In fact, their widespread nature, especially among accomplished young women, prompted psychologist Pauline Rose Clance to investigate this phenomenon amongst her undergraduate students. She noticed that her most outstanding students, in spite of their high academic performance, were personally unfulfilled because they all believed that they did not deserve their place in the university. Though Clance knew these feelings were baseless, she realized that they warranted credence; after all, she had felt the same way in graduate school. 

Along with her colleague Suzanne Imes, Clance established the presence of this phenomenon across gender, race, age and a range of occupations. However, Clance noted that the presence of imposter syndrome was more pervasive among marginalized social groups, such as women and those with disabilities.

Thus, you tend to dominate our consciousness because people who are highly skilled tend to believe that others are just as talented. We are goaded into a painful illusion of relative success, wherein our success is only valuable as it is measured against somebody else’s triumphs. Our accomplishments find their underpinning to be others’ failures. 

And when our success exists only on the basis of someone else’s failure, there begins to appear nobody more failed than us. If you have such an incredible potency to destroy our self-image, is there anything we can do to escape your poisonous grasp? 

A window with this written on it: If you never know failure, you will never know success - Sugar Ray Leonard"
“When our success exists only on the basis of someone else’s failure, there begins to appear nobody more failed than us,” Advikaa Anand writes. Photo by the blowup on Unsplash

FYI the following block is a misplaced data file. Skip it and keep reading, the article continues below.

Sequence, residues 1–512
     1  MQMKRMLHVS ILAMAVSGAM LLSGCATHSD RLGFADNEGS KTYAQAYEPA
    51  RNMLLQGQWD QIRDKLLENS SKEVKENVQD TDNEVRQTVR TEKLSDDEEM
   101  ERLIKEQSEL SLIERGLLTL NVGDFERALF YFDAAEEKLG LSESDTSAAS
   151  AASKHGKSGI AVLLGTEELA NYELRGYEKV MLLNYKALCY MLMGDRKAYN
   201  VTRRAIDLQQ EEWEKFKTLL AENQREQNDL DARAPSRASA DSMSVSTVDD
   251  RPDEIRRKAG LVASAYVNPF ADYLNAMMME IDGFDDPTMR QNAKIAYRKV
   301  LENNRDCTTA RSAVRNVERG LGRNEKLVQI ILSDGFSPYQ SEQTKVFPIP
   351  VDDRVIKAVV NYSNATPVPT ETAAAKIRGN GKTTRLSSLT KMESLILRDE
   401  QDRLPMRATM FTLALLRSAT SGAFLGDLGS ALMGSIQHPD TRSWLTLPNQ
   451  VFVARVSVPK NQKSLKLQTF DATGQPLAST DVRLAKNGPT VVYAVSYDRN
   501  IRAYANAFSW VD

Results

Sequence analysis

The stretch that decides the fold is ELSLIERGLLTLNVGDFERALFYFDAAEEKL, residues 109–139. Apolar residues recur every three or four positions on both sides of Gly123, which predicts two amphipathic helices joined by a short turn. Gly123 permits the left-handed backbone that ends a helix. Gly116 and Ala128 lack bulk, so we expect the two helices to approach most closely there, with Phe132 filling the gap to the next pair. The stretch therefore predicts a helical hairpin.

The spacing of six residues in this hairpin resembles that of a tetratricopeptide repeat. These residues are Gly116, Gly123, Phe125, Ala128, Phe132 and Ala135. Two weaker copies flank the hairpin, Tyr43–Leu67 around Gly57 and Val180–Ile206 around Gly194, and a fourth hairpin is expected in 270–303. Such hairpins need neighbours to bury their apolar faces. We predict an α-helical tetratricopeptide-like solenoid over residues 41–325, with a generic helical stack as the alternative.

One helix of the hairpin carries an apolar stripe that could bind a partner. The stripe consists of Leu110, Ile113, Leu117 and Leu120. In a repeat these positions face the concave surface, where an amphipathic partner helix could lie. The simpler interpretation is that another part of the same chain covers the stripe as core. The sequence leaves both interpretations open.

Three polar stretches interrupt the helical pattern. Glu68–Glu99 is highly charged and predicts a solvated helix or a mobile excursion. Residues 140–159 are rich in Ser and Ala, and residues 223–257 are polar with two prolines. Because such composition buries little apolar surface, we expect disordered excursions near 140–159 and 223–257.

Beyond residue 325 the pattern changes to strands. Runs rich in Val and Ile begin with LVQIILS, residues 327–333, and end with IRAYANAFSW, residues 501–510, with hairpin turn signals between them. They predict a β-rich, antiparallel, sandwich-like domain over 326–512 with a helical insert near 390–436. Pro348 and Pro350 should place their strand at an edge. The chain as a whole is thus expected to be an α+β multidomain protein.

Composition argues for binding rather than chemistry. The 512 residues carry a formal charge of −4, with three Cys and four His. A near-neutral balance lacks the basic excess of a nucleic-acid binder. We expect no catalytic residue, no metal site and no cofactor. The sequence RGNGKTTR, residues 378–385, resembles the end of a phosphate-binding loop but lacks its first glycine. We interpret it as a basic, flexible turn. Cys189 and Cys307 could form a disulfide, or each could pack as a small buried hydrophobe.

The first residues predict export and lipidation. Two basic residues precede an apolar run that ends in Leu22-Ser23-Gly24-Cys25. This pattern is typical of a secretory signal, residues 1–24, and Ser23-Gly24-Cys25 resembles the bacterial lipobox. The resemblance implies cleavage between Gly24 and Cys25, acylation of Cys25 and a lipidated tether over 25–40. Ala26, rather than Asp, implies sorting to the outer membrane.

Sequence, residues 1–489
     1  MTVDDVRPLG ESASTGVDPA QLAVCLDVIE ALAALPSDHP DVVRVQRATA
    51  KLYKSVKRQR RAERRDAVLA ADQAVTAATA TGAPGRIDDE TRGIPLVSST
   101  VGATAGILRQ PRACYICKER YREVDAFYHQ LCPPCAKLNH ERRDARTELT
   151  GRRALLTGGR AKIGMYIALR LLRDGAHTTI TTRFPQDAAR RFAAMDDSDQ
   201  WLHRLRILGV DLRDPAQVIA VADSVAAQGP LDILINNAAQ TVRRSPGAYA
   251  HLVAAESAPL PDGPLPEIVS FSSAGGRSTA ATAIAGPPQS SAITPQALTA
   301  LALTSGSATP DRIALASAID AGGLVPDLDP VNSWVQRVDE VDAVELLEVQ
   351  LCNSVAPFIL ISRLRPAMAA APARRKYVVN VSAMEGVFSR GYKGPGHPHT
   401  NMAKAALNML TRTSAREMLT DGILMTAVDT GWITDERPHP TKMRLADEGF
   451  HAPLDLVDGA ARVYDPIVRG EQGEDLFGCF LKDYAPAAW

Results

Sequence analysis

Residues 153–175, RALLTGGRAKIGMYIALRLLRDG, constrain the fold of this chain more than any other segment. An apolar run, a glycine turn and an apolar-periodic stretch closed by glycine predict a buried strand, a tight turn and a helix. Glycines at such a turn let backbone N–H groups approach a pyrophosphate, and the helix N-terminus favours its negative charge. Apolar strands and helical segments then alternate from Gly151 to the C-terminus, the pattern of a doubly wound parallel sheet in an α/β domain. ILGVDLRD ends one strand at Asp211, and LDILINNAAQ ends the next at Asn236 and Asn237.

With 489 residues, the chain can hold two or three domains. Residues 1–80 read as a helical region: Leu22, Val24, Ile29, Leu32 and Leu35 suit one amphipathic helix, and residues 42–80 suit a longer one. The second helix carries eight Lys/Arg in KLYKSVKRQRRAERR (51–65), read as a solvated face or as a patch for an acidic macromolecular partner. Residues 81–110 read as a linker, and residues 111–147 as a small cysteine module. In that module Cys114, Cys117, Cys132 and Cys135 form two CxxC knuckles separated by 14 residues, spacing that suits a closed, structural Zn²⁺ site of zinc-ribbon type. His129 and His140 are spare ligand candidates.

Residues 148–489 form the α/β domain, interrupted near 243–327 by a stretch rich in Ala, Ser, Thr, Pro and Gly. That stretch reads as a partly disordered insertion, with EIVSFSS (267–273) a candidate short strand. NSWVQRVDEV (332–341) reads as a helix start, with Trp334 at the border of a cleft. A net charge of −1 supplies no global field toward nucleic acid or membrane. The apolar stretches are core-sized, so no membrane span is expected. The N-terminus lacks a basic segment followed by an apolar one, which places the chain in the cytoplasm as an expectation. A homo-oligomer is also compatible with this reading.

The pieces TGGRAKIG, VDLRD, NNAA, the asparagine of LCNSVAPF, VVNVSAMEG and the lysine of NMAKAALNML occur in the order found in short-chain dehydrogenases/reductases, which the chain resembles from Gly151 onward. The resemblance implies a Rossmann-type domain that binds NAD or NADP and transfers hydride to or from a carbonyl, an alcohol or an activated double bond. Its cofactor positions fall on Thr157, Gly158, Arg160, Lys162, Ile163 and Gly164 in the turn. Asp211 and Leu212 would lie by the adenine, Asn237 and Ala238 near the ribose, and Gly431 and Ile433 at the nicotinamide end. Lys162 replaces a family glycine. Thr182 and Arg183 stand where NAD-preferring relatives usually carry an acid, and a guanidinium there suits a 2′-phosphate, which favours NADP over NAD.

First, we must realize that we are not alone in our moments of despondency; instead, a lineage of highly illustrious people accompany us. 

Next, we must understand that you are a direct consequence of debauched thoughts. While we have little control over our external circumstances, we wield great power over our cognitive processes. Recognizing our doubtful thoughts and converting them into positive impulses can help to diminish your harmful psychological consequences. 

Finally, we must surround ourselves with a circle of friends who do not mock our accomplishments or sully our successes with their envy. Instead, we must inundate ourselves with people who celebrate our victories as we do our own, and who are not threatened by the thought of our outshining them, but challenged by it. 

Because you, imposter syndrome, are a lie. You rejoice in falsehood and cower before the truth. 

Because the truth is, I am enough.

She is enough. 

They are enough.

And you, imposter syndrome, are a psychological affliction of those who are indeed enough.

This MFP Voices essay does not necessarily represent the views of the Mississippi Free Press, its staff or board members. To submit an essay for the MFP Voices section, send up to 1,200 words and factcheck information to We welcome a wide variety of viewpoints.